Procedure if security agreement covers real property or fixtures.
(a) If a security agreement covers both personal and real property, a secured party may proceed:
(1) under this part as to the personal property without prejudicing any rights with respect to the real property; or
(2) as to both the personal property and the real property in accordance with the rights with respect to the real property, in which case the other provisions of this part do not apply.
(b) Subject to subsection (c), if a security agreement covers goods that are or become fixtures, a secured party may proceed:
(1) under this part; or
(2) in accordance with the rights with respect to real property, in which case the other provisions of this part do not apply.
(c) Subject to the other provisions of this part, if a secured party holding a security interest in fixtures has priority over all owners and encumbrancers of the real property, the secured party, after default, may remove the collateral from the real property.
(d) A secured party that removes collateral shall promptly reimburse any encumbrancer or owner of the real property, other than the debtor, for the cost of repair of any physical injury caused by the removal. The secured party need not reimburse the encumbrancer or owner for any diminution in value of the real property caused by the absence of the goods removed or by any necessity of replacing them. A person entitled to reimbursement may refuse permission to remove until the secured party gives adequate assurance for the performance of the obligation to reimburse.
Source:Laws 1999, LB 550, § 179.
1. Source. Former sections 9-313(8) and 9-501(4).
2. Real Property — Related Collateral. The collateral in many transactions consists of both real and personal property. In the interest of simplicity, speed, and economy, subsection (a), like former section 9-501(4), permits (but does not require) the secured party to proceed as to both real and personal property in accordance with its rights and remedies with respect to the real property. Subsection (a) also makes clear that a secured party who exercises rights under part 6 with respect to personal property does not prejudice any rights under real property law.
This article does not address certain other real property-related problems. In a number of states, the exercise of remedies by a creditor who is secured by both real property and non-real property collateral is governed by special legal rules. For example, under some antideficiency laws, creditors risk loss of rights against personal property collateral if they err in enforcing their rights against the real property. Under a "one-form-of-action" rule (or rule against splitting a cause of action), a creditor who judicially enforces a real property mortgage and does not proceed in the same action to enforce a security interest in personalty may (among other consequences) lose the right to proceed against the personalty. Although statutes of this kind create impediments to enforcement of security interests, this article does not override these limitations under other law.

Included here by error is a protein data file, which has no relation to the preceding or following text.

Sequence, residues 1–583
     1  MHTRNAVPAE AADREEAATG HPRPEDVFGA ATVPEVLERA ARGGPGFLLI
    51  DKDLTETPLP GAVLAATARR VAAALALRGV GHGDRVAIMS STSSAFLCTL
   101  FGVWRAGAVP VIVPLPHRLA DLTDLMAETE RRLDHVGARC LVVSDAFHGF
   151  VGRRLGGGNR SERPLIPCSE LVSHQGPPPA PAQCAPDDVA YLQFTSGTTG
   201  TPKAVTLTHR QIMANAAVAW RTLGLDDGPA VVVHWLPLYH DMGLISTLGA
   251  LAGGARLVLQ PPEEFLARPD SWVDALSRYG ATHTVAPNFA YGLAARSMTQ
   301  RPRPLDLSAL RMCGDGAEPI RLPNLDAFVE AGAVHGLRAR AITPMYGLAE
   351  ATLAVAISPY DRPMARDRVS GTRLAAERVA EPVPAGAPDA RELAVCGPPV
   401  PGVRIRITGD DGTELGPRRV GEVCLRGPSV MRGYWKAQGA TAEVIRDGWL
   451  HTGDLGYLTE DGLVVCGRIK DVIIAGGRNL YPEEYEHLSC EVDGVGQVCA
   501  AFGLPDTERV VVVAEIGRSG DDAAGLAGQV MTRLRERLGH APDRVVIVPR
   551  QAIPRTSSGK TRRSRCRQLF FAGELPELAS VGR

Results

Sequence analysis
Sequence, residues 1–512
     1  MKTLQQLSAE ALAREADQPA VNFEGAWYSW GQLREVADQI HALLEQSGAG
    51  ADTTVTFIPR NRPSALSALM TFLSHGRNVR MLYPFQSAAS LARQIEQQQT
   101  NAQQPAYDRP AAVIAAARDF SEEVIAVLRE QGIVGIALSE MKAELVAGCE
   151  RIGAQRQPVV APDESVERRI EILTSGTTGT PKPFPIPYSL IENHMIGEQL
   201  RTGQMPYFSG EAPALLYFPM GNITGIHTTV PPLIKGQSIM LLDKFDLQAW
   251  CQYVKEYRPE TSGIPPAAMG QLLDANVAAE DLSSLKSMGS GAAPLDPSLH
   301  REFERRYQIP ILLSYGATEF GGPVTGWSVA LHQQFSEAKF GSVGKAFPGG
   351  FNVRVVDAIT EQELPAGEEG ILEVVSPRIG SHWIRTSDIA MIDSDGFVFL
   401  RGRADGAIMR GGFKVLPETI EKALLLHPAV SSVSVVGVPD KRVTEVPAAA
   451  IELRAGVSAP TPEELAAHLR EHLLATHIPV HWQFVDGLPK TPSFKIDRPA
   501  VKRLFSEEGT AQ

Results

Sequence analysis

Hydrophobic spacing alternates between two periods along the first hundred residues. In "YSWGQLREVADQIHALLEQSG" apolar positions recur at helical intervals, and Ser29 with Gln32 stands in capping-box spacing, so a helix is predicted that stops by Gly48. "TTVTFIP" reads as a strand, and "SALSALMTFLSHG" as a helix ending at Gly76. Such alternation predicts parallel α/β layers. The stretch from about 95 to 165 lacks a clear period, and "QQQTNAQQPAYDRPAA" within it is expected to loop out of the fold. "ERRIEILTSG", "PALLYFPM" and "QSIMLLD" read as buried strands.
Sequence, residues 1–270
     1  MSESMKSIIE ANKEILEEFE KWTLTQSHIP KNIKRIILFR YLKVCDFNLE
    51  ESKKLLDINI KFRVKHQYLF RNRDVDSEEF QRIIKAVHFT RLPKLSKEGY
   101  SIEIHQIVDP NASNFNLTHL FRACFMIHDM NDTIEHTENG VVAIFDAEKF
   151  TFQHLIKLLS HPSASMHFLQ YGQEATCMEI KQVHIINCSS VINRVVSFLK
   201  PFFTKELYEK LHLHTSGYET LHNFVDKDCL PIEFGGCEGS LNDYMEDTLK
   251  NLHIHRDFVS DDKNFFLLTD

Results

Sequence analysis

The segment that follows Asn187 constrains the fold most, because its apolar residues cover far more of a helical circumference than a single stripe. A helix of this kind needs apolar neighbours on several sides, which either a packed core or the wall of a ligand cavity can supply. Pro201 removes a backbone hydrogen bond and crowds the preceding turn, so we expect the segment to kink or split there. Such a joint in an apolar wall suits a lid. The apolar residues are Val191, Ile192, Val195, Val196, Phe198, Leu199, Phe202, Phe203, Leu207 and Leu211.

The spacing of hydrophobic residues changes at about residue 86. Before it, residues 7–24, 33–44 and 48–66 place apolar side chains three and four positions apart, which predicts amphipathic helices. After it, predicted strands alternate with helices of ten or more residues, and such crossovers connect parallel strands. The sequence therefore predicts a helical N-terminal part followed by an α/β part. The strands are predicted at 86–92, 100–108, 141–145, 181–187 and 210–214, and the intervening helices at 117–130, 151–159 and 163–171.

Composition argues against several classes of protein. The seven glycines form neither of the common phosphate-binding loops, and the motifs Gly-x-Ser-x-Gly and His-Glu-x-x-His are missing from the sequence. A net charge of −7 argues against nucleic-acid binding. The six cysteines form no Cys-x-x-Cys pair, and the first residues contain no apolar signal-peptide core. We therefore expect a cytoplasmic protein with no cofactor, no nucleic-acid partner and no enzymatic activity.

3. Fixtures. Subsection (b) is new. It makes clear that a security interest in fixtures may be enforced either under real property law or under any of the applicable provisions of part 6, including sale or other disposition either before or after removal of the fixtures (see subsection (c)). Subsection (b) also serves to overrule cases holding that a secured party's only remedy after default is the removal of the fixtures from the real property. See, e.g., Maplewood Bank & Trust v. Sears, Roebuck & Co., 625 A.2d 537 (N.J. Super. Ct. App. Div. 1993).
Subsection (c) generally follows former section 9-313(8). It gives the secured party the right to remove fixtures under certain circumstances. A secured party whose security interest in fixtures has priority over owners and encumbrancers of the real property may remove the collateral from the real property. However, subsection (d) requires the secured party to reimburse any owner (other than the debtor) or encumbrancer for the cost of repairing any physical injury caused by the removal. This right to reimbursement is implemented by the last sentence of subsection (d), which gives the owner or encumbrancer a right to security or indemnity as a condition for giving permission to remove.